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September 27th, 2008:

Exploring UMW’s Online Presence, part 2: How it works

The starting point for all the data going into the datastore for the Exhibits is the feeds that the blogs produce. This has advantages and disadvantages. The advantage is that I’ve punted the problem of interoperability with new web tools. We edupunks are constantly discovering and incorporating new tools for expressing UMW’s intellectual products. To try to directly interoperate with each new thing that comes along would be impossible. But I can fairly safely count on being able to get a feed out of most any new thing that comes along. The disadvantage is the relative weak expressiveness of feeds. There’s a good amount of information that gets obscured in the feeds. I decided to just work around that as best I can.

The starting point is the information from umwblogs.org just because that’s where the majority of a action is. UMWBlogs produces a feed of all the new posts. I’m looking at that feed just to find the newest posts. Then, using a tool for feed reading called Simple Pie, I’m finding the feeds for the blog of those posts. That lets me move through all the newest posts and discover all the other posts listed within that blog’s feed (though right now there are hiccups for some feeds).

Then I’m looking through the information in the feed to gather as much information as I can. I’m grabbing information about publication and modification time, links, authors, tags, images, and embedded media, among some other things. That all gets dumped into a big ol’ datastore using a tool called ARC.

The Exhibits that make the actual display of information are produced with some relatively straightforward work with Exhibit from MIT’s SIMILE project.

And ta-daa! That’s all there is.

Well, there’s a little more to it, technically speaking. Posts about that will be coming along at my other blog.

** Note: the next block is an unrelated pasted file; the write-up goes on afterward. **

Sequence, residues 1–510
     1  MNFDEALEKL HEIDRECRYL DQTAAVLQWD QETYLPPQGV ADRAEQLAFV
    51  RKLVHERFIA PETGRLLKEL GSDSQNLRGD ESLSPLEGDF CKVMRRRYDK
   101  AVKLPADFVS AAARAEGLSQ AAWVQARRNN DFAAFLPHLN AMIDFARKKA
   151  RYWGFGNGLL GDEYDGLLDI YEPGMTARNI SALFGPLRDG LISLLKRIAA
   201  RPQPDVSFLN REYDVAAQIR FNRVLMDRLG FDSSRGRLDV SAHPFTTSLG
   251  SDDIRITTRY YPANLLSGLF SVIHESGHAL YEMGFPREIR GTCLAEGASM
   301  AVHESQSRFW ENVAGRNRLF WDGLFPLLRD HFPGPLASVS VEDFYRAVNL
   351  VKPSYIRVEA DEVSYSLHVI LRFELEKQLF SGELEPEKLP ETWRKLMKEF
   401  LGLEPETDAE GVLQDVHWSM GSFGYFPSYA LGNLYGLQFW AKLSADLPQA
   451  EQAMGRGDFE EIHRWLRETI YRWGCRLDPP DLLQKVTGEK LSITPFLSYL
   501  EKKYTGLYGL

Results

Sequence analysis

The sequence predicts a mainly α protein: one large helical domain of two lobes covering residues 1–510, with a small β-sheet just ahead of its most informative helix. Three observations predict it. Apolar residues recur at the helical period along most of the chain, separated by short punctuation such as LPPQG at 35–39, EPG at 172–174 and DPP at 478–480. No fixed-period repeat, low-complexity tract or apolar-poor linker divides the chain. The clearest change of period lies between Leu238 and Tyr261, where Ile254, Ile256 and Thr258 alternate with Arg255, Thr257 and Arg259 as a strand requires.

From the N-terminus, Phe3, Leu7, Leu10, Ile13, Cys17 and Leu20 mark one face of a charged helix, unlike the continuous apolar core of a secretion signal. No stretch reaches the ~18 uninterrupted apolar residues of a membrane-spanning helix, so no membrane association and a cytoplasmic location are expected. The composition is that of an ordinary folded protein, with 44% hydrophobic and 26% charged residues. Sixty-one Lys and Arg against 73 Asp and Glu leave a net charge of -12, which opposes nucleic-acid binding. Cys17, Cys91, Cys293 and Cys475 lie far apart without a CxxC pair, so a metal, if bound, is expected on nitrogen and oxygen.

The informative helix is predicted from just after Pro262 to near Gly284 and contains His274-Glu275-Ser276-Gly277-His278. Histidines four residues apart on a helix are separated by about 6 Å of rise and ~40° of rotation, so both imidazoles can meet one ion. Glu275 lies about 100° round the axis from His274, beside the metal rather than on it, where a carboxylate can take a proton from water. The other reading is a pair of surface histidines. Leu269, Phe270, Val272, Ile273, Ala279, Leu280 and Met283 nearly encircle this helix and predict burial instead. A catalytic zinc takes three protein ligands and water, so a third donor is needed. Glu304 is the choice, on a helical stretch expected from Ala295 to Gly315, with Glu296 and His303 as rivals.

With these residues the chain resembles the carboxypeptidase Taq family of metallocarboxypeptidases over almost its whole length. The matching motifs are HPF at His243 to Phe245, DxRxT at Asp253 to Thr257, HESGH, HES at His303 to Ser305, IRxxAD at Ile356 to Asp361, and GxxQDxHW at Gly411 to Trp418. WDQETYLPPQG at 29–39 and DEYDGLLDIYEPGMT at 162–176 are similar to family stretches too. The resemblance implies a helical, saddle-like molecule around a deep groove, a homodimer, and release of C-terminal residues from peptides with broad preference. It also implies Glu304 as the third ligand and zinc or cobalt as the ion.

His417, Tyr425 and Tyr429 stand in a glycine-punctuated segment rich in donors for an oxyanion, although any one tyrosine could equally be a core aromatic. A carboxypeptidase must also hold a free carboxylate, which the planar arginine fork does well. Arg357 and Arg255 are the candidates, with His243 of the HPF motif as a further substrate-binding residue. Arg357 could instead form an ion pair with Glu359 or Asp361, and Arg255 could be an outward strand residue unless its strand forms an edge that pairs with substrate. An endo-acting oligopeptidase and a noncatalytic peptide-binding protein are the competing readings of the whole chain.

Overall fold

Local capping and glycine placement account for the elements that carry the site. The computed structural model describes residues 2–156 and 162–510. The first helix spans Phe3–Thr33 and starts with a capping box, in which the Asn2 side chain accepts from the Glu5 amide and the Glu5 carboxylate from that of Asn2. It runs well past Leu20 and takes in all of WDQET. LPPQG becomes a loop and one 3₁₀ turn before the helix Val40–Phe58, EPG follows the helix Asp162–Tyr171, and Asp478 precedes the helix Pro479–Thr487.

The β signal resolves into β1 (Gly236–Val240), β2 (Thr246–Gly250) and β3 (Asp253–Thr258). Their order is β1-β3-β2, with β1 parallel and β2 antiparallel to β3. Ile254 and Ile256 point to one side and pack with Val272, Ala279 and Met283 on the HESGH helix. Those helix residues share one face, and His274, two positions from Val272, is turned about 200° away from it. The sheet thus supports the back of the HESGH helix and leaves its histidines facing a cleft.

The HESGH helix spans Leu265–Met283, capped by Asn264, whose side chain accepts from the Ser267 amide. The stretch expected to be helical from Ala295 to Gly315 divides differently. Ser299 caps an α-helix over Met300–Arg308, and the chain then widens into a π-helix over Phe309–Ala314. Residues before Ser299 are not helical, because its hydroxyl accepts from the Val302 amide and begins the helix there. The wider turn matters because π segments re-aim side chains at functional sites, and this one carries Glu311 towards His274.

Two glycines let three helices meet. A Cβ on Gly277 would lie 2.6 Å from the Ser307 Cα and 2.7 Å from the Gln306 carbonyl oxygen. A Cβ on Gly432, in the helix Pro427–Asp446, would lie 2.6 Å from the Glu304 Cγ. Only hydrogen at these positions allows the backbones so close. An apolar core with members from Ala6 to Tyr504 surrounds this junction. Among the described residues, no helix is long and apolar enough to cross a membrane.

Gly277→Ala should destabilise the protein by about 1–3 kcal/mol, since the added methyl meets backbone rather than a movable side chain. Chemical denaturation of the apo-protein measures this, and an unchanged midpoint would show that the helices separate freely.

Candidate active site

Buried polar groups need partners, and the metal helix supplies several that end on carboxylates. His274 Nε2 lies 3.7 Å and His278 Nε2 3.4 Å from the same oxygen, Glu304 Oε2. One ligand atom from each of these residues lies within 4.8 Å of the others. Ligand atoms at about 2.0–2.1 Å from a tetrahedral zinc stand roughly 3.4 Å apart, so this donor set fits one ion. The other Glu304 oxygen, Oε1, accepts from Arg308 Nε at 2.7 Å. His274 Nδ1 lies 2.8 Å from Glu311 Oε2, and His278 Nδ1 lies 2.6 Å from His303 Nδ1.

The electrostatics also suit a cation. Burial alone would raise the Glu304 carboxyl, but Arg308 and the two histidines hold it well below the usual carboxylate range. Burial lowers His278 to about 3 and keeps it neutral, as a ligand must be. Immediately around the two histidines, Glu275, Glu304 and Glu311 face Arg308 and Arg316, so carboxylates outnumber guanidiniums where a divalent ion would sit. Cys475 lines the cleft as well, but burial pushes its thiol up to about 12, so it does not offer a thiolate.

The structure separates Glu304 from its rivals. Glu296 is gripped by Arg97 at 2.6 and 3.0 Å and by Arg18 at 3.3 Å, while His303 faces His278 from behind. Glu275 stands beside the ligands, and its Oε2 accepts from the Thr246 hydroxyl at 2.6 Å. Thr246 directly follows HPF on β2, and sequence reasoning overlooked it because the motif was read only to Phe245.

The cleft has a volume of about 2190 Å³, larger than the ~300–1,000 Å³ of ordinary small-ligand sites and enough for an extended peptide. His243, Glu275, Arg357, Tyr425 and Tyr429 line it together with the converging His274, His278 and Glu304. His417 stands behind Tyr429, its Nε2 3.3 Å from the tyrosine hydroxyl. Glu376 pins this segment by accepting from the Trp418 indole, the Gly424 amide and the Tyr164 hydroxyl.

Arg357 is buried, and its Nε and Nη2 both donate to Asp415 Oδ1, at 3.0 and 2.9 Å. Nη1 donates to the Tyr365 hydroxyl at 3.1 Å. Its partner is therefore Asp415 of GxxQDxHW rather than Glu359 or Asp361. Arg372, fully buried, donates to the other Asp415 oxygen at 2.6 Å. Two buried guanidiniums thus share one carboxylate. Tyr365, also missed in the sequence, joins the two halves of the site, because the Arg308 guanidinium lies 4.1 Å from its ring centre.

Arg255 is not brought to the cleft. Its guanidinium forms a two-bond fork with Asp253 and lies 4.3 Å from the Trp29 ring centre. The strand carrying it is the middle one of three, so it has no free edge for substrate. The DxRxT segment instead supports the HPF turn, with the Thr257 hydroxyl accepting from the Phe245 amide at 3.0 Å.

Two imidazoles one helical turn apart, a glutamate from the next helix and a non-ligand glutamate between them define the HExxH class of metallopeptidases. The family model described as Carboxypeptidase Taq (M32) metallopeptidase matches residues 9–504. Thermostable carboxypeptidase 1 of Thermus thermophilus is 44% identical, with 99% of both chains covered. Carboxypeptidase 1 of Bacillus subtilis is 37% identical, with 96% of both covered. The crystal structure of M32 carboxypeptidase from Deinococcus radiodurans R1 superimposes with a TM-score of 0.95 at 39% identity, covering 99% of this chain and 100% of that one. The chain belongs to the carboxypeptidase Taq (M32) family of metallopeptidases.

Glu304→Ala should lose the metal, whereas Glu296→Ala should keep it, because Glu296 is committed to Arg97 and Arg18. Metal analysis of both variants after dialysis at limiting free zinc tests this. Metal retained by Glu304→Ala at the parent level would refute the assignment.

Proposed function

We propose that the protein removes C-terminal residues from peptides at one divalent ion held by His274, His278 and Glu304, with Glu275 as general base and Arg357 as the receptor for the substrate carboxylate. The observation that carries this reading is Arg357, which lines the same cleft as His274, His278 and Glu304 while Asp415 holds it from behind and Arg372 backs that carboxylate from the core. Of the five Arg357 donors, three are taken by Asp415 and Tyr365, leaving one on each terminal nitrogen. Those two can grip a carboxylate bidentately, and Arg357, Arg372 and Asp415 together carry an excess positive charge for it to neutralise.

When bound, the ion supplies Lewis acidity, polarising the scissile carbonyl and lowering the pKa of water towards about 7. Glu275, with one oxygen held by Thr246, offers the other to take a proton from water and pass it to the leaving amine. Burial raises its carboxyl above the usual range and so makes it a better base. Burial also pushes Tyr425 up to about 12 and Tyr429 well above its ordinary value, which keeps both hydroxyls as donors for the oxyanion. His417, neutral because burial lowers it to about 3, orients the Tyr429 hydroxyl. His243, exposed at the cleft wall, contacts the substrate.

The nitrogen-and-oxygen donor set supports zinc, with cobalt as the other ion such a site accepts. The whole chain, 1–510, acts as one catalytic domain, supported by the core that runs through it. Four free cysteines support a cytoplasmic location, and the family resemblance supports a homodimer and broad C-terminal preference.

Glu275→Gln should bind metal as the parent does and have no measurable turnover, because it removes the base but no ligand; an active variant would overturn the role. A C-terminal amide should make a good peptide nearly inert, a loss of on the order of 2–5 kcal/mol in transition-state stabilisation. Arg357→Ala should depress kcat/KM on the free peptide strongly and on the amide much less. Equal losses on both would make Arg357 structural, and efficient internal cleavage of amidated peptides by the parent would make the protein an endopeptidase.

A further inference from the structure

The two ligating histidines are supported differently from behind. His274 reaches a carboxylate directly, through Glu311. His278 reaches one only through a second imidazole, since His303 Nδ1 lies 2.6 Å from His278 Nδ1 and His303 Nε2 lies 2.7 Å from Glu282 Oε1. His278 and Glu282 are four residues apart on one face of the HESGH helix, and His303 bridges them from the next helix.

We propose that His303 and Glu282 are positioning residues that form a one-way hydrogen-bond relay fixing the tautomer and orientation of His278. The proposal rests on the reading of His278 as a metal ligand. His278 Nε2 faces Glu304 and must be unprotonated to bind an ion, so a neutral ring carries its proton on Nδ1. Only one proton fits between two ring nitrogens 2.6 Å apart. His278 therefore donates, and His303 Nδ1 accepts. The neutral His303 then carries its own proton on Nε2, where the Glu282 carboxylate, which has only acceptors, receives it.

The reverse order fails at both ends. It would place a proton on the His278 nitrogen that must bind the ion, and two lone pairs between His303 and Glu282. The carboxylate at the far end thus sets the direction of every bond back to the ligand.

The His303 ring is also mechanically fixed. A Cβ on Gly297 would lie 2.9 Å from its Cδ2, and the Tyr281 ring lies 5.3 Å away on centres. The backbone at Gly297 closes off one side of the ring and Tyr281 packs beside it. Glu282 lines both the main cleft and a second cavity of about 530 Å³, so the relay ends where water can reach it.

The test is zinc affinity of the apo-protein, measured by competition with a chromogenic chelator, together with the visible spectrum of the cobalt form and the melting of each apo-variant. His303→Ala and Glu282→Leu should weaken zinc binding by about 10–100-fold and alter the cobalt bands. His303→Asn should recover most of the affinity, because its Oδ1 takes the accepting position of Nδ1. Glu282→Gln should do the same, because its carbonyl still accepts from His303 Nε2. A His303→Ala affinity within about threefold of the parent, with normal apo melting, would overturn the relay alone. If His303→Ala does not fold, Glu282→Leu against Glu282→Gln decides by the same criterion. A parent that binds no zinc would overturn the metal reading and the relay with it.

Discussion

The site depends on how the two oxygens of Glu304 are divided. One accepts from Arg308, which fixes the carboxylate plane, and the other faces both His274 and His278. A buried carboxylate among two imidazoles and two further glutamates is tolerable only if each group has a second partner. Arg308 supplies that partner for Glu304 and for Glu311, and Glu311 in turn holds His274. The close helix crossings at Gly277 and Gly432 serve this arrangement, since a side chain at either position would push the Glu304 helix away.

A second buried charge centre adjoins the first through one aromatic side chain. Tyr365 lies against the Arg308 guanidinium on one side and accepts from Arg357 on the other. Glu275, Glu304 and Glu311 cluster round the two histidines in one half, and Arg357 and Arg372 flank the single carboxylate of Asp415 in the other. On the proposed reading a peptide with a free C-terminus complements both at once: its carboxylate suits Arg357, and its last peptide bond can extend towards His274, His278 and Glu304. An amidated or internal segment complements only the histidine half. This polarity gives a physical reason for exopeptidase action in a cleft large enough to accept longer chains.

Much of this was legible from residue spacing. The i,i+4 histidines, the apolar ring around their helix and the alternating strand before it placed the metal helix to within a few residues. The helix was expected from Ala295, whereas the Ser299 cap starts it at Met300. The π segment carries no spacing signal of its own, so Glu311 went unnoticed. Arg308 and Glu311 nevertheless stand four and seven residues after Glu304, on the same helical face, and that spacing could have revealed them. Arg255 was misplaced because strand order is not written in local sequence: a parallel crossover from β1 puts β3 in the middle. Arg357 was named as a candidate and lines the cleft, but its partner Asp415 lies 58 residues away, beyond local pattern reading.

Exploring UMW’s Online Presence, part 1: What it looks like

I’ve built the displays using the ever-more outstanding Exhibit ( see also )web app from SIMILE at MIT.  Right now, I’m still using the default style, which looks a little like this example from the Bloggers Exhibit.

The red underline signals that when you click it, additional info will come up, like this:

This expands out the information available and where you could go.

But sa you browse through things, there is another aspect that work in tandem with the popups — facets. Facets provide versatile ways of filtering data to hone in on exactly what you are interested in at the moment. Depending on the kind of information you are looking at, I’ve offered up some facets to let you focus on a particular blog, or a particular blogger, or a particular post.  Here’s an example:

There’s a blogger cloud (a list of blogger names, highlighted by how oftern they appear in the page’s data), Post title and Blog title.  Click on one, and it filters the results on the page to just that one.  When you start filtering using the facets, you can also expand back out by using the checkboxes.  This setting will show data about both posts.  Notice that the other facets also trimmed down to only the ones relevant to the checked posts.

The possibilities for views on the info and for the facets are pretty broad–I’ll be working with lots of people on the information architecture as we go along.

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